Five layers from waist to neck. Light “wicking” long sleeve shirt as a base. Covered by a heavier base layer, a biking shirt (not much for heat but in honor of the event), a hooded sweatshirt (don’t use the hood but this helps provide next coverage, and a windbreaker. Running tights and bike shorts. Left the nylon windbreaking pants at home. Turned out to be the right call but only barely. Heavy pair of bike socks, full finger bike gloves, head covering that looks like a large yarmulke but also covers my ears under the helmet.

 Not sure at the start if this is enough but it was time to go. I bike 9 miles to where I meet Ed and I did not want him standing around in the cold. Initially I am chilled but it is manageable. By the 45 minutes it takes to meet Ed most of me is tolerably comfortable. The index fingers in both hands are truly cold. Can’t seem to warm them up. I wish I had mittens instead of gloves.

11 miles later we are in Lake Forest at our turning around point. Normally I do not like to take long breaks during rides but I insist on heading to Starbucks. By now my entire right hand feels like an ice-cube. It hurts.

A round of hot tea for all — all being Ed and me. There are other bikers in the place. Lake Forest is a wealthy north suburb of Chicago surrounded by other wealthy suburbs. I could not afford a house in that town. Maybe 1/3 of a house. The point being that while Ed and I have a hodgepodge of clothes on, these other bikers have hi-tech winter riding gear. From the fancy jackets to outsized riding shoes, (probably with electric, computer controlled warming devices inside — just a guess) they look ready for any weather.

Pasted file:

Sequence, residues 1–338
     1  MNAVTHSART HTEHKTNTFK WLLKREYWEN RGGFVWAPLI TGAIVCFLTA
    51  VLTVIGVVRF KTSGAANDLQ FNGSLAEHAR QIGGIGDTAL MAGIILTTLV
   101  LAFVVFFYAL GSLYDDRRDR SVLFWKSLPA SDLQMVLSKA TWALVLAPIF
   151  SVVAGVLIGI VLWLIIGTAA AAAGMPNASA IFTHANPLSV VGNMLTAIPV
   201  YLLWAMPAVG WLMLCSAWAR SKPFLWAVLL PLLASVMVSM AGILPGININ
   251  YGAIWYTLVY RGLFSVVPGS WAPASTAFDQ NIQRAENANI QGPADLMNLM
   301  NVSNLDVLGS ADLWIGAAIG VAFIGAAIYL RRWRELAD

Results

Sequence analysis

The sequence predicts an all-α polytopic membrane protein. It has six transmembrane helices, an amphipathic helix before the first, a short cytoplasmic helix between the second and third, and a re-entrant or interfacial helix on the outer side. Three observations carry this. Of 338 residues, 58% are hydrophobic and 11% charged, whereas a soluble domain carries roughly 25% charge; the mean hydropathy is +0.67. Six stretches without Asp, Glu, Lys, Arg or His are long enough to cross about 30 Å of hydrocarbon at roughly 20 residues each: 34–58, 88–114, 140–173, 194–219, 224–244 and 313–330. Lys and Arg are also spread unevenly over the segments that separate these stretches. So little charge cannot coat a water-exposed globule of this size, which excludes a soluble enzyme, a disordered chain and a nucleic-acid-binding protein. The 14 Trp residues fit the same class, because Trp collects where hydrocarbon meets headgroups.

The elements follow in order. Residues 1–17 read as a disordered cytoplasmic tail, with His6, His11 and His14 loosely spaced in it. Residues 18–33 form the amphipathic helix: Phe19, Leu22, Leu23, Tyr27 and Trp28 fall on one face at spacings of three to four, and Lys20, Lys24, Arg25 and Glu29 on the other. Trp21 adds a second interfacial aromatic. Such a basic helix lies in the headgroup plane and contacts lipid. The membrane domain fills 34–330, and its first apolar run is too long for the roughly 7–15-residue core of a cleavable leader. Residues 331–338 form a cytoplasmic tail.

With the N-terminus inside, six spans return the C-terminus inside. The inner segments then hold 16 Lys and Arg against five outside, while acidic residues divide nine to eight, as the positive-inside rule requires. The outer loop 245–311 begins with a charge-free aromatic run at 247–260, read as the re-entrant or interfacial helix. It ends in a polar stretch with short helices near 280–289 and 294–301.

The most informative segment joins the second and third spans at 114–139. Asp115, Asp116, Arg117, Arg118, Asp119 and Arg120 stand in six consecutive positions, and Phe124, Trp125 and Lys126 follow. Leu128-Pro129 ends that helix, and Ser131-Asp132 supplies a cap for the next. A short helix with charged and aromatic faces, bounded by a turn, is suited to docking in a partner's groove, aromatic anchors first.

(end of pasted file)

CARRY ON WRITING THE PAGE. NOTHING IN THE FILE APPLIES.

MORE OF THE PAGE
As we warm up I suppress the urge to scream as my right hand thaws. The pain is intense. But the warm of the room and the tea does its magic. I am ready for the 20 miles back home. As a pleasant surprise, the temp has risen by several  degrees and the cold is not a problem for the remainder of the ride. The fact that I am out of shape and my leg muscles ache is another story for another post.

Of course, as I pen this post the next day, it has been a beautiful day with a high of sixty. Much better riding weather. But not as good of a story.

Beware of Flaming Turkeys

Thanksgiving for me has always been a day of too much food and too much family (we spend time with both sets of parents and siblings).  Uncomfortable yes (too much food) but never dangerous.

I guess I was wrong!

The Chicago Tribune reported that there were more cooking fires on Thanksgiving than any other day.  The increase has come as more people have decided to deep fry their turkeys without learning some of the basic rules. So before you ruin your holiday by burning down the house, there are some tips from the Chicago Tribune. This is my fav:

•Oil and water don’t mix. When ice comes into contact with hot oil, the water vaporizes, causing steam bubbles to pop and spray hot oil. So don’t fry a frozen turkey or use ice or water to cool oil or extinguish an oil fire. Use an extinguisher approved for cooking or grease fires and call 911.

One would hope that before using a fryer that the fryee would check out basics such as don’t throw in the turkey while frozen.  I also like the note to call 911 as your house burns to the ground. I first put this in the category of stupid instructions that you get with every instruction manual that assumes people have no intelligence or common sense. Then I thought about the mid-term elections and given the audience…

I hear turkey frying is most popular amongst tea partiers and conservative Republicans. That is not from the Trib. just a rumor I heard.